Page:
The GBP to EUR exchange rate story this week was a surge in sterling after election results led to an unwind in fear bets. The Tories took some key wins to concentrate their power, including their first ever success in Hartlepool. The Scottish elections also boosted the pound after the SNP secured a fourth term but fell just short of an overall majority. Traders then focused on the prior week’s BoE policy statement, which saw bond buying reduced and UK growth ramped up.
The GBP to EUR rallied from the 1.1600 level into Wednesday, but the pair struggled after that.
Sterling soars on growth, sticks on SAGE warnings
The highlight for the week was the British pound finally seeing strength above the 1.16 level, with the weekly high coming in near 1.17. Unfortunately, those gains ran into warnings from SAGE scientists who said that the June reopening may not happen if the Indian virus variant continues to grow in the country.
Big election wins for the Conservative party strengthened their grip on the country and the SNP’s failure to get an overall majority pushed independence fears further out into the distance. Traders decided to unleash sterling and focus on the Bank of England’s prediction for 7.2% from its previous 5% forecast. The bank also reduced its QE bond buying programme by $1bn per week to $3.4bn.
The pound then hit a wall on Thursday after scientists at SAGE said that the June reopening could be delayed in the UK. The country’s Foreign Office Minister James Cleverly spoke to Sky News and was guarded about the comments over the Indian flu variant.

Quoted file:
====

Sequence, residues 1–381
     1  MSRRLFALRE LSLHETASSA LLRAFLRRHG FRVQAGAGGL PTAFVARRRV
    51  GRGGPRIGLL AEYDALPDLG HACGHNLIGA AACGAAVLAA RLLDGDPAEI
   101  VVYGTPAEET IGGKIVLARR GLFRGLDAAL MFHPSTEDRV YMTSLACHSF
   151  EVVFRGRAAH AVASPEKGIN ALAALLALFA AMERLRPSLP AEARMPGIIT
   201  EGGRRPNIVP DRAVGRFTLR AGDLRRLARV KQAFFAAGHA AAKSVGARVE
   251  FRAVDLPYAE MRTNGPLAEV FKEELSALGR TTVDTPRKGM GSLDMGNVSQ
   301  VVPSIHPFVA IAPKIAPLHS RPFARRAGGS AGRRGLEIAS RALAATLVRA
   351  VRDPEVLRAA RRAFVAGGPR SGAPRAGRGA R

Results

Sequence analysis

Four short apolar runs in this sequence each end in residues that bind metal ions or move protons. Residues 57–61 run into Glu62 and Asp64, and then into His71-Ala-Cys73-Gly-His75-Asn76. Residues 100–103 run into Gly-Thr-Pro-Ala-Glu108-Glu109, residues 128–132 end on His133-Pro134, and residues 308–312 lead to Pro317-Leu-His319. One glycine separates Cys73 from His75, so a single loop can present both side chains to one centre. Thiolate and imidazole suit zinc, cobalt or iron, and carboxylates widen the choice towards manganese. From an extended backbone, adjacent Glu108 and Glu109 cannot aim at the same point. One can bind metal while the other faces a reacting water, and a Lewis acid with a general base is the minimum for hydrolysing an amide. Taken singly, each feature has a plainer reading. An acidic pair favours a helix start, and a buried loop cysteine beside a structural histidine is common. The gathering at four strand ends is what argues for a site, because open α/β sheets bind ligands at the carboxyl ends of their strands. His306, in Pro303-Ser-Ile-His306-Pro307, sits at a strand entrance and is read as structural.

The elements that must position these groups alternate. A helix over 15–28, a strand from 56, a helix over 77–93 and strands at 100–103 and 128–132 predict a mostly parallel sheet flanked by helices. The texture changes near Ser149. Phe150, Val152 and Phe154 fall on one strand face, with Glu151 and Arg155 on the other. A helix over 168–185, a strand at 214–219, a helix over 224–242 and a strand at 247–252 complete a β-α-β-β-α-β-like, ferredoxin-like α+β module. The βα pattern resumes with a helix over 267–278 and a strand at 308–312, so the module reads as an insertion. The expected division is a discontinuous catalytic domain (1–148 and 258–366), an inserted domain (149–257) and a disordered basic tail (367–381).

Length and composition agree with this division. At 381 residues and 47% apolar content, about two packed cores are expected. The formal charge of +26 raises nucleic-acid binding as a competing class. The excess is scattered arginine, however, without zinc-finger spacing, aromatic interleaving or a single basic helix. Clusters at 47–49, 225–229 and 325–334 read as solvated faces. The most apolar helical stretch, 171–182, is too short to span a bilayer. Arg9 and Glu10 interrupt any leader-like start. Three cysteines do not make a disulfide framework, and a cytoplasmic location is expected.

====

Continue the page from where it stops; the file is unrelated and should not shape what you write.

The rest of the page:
“Scientists on Sage will make their assessments, they will report that to government, and we will make decisions based on the data and the evidence that they provide,” Cleverly said.
“The Prime Minister, the Health Secretary, have always been clear that the easing of restrictions which allow us to get back to normality will be done at a pace and in a way which is safe,” he added.
The GBP v EUR rate could take another hit if the government moves the goalposts once again.
German and US inflation is a hot topic
German inflation was released this week with the country seeing prices rise to 2%. ECB policymaker Isabel Schnabel had made a comment in the previous day that inflation could reach 3% in Europe’s largest economy and it is likely that she was trying to get in ahead of the number to soothe investor fears. Schnabel repeated the favourite central banker quote du jour, that inflation is a temporary issue, but we have said in this blog for a few weeks that they may be wrong. US inflation numbers smashed their “transitory” dreams on Wednesday with the highest gain in 40 years for prices.
The GBP v EUR exchange rate could be affected by this later as UK inflation may move faster than Europe due to the reopening.